Ragweeds are flowering plants in the genus Ambrosia in the aster family, Asteraceae. They are distributed in the tropical and subtropical regions of the New World, especially North America, where the origin and center of diversity of the genus are in the southwestern United States and northwestern Mexico. Several species have been introduced to the Old World and some have naturalized and have become invasive species. Ragweed species are expected to continue spreading across Europe in the near future in response to on-going climate change. Other common names include bursages and burrobrushes. The genus name is from the Greek ambrosia, the “food of the gods”. Ragweed pollen is notorious for causing allergic reactions in humans, specifically allergic rhinitis. Up to half of all cases of pollen-related allergic rhinitis in North America are caused by ragweeds. (source: Wikipedia)
Ragweed & Allergy
Ragweed pollen is a common allergen. A single plant may produce about a billion grains of pollen per season, and the pollen is transported on the wind. It causes about half of all cases of pollen-associated allergic rhinitis in North America, where ragweeds are most abundant and diverse.
Concentration of ragweed pollen—in the absence of significant rainfall, which removes pollen from the air—is the lowest in the early morning hours (6:00 AM), when emissions starts, and pollen concentration peaks at midday. Ragweed pollen can remain airborne for days and travel great distances, affecting people hundreds of miles away. It can even be carried 300 to 400 miles (640 km) out to sea. Ragweeds native to the Americas have been introduced to Europe starting in the nineteenth century and especially during World War I, and have spread rapidly there since the 1950s. Eastern Europe, particularly Hungary, has been badly affected by ragweed since the early 1990s, when the dismantling of Communist collective agriculture led to large-scale abandonment of agricultural land, and new building projects also resulted in disturbed, un-landscaped acreage.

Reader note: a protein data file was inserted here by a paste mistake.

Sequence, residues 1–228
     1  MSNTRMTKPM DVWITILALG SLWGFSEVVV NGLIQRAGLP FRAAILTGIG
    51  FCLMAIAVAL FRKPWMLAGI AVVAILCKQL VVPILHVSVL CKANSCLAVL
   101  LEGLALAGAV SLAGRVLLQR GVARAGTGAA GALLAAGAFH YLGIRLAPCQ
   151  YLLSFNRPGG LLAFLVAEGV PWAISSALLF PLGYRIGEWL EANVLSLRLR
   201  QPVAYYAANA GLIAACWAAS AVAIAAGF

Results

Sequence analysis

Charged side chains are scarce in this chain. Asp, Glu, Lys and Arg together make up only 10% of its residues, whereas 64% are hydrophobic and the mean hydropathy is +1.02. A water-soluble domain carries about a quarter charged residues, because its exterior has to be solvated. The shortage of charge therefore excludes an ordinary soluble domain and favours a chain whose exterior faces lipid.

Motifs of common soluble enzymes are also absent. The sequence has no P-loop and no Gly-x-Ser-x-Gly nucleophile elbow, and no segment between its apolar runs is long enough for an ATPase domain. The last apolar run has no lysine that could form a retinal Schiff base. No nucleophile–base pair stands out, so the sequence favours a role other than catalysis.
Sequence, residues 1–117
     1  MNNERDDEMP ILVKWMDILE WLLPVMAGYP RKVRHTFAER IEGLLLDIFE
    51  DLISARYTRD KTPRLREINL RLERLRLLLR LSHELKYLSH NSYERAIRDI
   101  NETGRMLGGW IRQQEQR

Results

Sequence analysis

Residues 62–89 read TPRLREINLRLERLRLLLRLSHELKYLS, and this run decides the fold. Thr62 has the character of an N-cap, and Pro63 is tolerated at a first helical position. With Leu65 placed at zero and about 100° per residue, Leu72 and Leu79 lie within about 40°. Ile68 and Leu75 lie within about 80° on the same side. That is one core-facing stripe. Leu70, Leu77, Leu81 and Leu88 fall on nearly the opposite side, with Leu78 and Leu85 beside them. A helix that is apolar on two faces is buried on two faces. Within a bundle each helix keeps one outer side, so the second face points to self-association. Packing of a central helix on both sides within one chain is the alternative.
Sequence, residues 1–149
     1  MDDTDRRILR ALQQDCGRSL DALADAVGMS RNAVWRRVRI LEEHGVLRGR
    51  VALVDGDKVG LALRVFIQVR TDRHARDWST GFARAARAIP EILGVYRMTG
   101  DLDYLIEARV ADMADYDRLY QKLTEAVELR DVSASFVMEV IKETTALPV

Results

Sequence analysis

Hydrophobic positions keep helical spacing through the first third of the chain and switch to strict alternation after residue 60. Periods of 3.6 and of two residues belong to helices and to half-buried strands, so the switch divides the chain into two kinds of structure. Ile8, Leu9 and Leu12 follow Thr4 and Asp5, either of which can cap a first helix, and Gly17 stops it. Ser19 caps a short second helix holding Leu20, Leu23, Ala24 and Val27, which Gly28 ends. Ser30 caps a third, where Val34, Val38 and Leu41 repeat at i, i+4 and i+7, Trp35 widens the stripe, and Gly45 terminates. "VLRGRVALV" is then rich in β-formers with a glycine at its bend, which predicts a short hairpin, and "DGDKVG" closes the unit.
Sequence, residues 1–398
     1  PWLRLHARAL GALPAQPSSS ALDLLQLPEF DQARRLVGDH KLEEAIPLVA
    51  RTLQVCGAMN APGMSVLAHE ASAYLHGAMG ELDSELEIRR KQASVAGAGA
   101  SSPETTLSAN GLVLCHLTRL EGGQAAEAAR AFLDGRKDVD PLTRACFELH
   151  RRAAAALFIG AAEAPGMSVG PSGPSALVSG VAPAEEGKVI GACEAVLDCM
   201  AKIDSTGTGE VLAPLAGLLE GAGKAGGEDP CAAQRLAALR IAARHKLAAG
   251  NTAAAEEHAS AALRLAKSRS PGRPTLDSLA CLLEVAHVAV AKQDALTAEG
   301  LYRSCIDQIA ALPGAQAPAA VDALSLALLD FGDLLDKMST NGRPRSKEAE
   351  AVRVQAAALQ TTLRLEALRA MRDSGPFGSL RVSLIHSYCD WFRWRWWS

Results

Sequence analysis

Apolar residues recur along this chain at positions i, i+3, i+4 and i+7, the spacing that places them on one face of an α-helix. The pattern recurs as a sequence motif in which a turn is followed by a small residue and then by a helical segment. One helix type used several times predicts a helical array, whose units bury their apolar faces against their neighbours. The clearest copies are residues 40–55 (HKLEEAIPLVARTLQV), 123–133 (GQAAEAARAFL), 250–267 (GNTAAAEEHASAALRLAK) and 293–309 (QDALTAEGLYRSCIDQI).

Ragweed allergy sufferers may show signs of oral allergy syndrome, a food allergy classified by a cluster of allergic reactions in the mouth in response to the consumption certain fruits, vegetables, and nuts. Foods commonly involved include beans, celery, cumin, hazelnuts, kiwifruit, parsley, potatoes, bananas, melons, cucumbers, and zucchini. Because cooking usually denatures the proteins that cause the reaction, the foods are more allergenic when eaten raw; exceptions are celery and nuts, which may not be safe even when cooked. Signs of reaction can include itching, burning, and swelling of the mouth and throat, runny eyes and nose, hives, and, less commonly, vomiting, diarrhea, asthma, and anaphylaxis. These symptoms are due to the abnormal increase of IgE antibodies which attach to a type of immune cell called mast cells. When the ragweed antigen then attaches to these antibodies the mast cells release histamine and other symptom evoking chemicals.
For more information (in dutch) about Ambrosia visit www.pollennieuws.nl >>